This week for Flora and Fauna Friday were taking a look at a clade of seabirds that are best represented on Edisto in the Winter. We’re talking about the Gulls.

First things first, the term seagull is not linked to any taxonomic designation. The proper term is just Gull. It’s semantics but that’s why I use the term Gull instead. Gulls are members of the family Laridae. This family includes Terns, Skimmers, Noddies, and Gulls. I’ll just be talking about Gulls, and only the 6 most common species in our area. Those species are the: Laughing Gull, Ring-billed Gull, Herring Gull, Bonaparte’s Gull, Lesser Black-backed Gull, and Great Black-backed Gull. I’ll spare you the Latin, this time.

Gulls are equally at home in the air, on the water, and on the ground They typically stay close to tidal systems, hence why people call them seagulls. Gulls can be quite challenging to identify because they take several years to reach sexual maturity and many have distinct winter and summer molt patterns. At each molt on their way to maturity, their feathers take on a new pattern that incrementally comes closer to that of the adult. These immature molt patterns can look remarkably similar across species, and without a size reference, can make ID difficult, even for seasoned birders. Gulls are opportunistic omnivorous seabirds that will eat anything that suits their fancy. They are primarily carnivorous and will hunt fish, crabs, shrimp, shellfish, rodents, insects, and even shorebirds. They are also scavengers and will eat any carrion that washes up on the shore. Most are also kleptoparasitic, meaning they steal food or other resources from other animals. Gulls are also well renowned for their ability to adapt to human environments and structures, such as marinas, Wal-Mart parking lots, and garbage dumps. That’s thanks mostly to their bold nature and opportunistic diet. This makes them equally at home feeding above a school of fish on the open sea, stealing a Tern or fisherman’s catch, swallowing wayward hotdogs whole at a ballpark, or picking at kitchen scraps at the municipal dump. This is an important ecological niche that Gulls, along with Crows, fill and their adaptability helps fill ecological voids that might otherwise be exploited by more harmful invasive species, such as Black Rats and Feral Pigeons.

In our area two species of Gull dominate the inland and coastal habitats. Those are the Laughing Gull and Ring-billed Gull. Let’s talk about the Laughing Gull first. The Laughing Gull is our most common Gull and dominates the island in the warmer months. In the winter, some head further south but they are always present in number year round. They are named for their distinct call, which sounds a lot like laughter. The laughing gull is our second smallest gull and is easily identified by its size, dark legs and bill, slate gray back, and dark head in summer.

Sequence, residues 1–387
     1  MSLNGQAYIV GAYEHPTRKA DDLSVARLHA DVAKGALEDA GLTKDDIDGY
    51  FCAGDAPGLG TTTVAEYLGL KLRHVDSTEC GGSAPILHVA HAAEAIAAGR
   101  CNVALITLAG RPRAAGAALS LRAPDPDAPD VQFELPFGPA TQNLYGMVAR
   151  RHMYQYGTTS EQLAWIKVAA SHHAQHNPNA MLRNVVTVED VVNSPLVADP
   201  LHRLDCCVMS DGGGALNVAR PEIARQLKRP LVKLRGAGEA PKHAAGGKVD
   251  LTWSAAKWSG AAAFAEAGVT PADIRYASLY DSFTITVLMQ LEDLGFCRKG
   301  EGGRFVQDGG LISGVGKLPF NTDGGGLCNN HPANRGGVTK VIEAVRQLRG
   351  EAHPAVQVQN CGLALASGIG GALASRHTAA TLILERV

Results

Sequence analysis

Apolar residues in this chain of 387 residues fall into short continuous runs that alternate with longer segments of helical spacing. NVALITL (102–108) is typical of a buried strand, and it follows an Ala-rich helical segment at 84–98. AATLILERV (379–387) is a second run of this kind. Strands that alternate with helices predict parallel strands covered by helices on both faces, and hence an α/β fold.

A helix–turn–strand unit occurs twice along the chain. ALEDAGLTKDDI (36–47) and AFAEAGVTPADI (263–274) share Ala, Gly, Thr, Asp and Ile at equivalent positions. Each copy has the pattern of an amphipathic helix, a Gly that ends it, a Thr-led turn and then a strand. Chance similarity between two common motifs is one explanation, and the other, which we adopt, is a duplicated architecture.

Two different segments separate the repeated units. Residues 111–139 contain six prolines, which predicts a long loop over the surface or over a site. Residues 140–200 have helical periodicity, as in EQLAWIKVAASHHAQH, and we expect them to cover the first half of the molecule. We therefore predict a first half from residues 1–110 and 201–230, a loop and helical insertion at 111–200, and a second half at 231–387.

The Ring-billed Gull is our most common gull in winter, especially inland from the barrier islands. It and the next 4 gulls are all primarily winter residents of the island. The Ring-billed Gull is a medium sized gull that’s noticeably larger than a Laughing Gull. They are paler in appearance, lacking any markings on the head. They are identified by their yellow legs, pale gray back, and yellow bill with a conspicuous black ring.

The Bonaparte’s Gull is our smallest Gull. It’s seen on the open water along the coast. They tend to flock and hunt sea life more than other Gulls which typically scavenge alone. They are easily recognized by their diminutive size, slender frame, small thin bill, pink-orange legs, pale wings, and a small black spot behind their eye in the winter.

The Herring Gull is one of our larger Gulls. It’s most abundant in the winter but immature birds can be seen fairly regularly along the coast in the summer. They look quite similar to the Ring-billed Gull but the Herring Gull is substantially larger, has pink legs, and a heavier bill with a red spot on the bottom tip of the bill.

The Lesser Black-backed Gull is also a large Gull and is much less abundant than the other Gulls mentioned. It is restricted to the immediate coast in our area. They are primarily winter residents but immatures occasionally stick around over the summer. It looks very similar to the Herring Gull and is only slightly smaller. The Lesser Black-backed Gull is best distinguished by its yellow legs and slate gray back.

The Great Black-backed Gull is our largest Gull. It is substantially larger than even the Herring Gull. In flight they always give me the impression of a compact Bald Eagle, especially from above. They are also fairly uncommon and restricted to the beachfront. They look quite similar to the Lesser Black-backed Gull but the Great Black-backed Gull is distinctly larger with pink legs and a back ranging from slate gray to charcoal black.

I’ve included photos of adults each species (some much better than others) and for fun I also included a distant photo of multiple species to give an idea of what makes this group difficult to ID.

Whether we may want to or not, we share our island, our beach, and the handrails of our docks and boats with Gulls. No matter how tough things get, they’re a group of species that’s here to stay. I hope you learned something about these birds beyond their proficiency at whitewashing decking lumber or swallowing half-eaten hamburgers. We should have an appreciation for the group’s species richness and their place in our coastal ecosystems.

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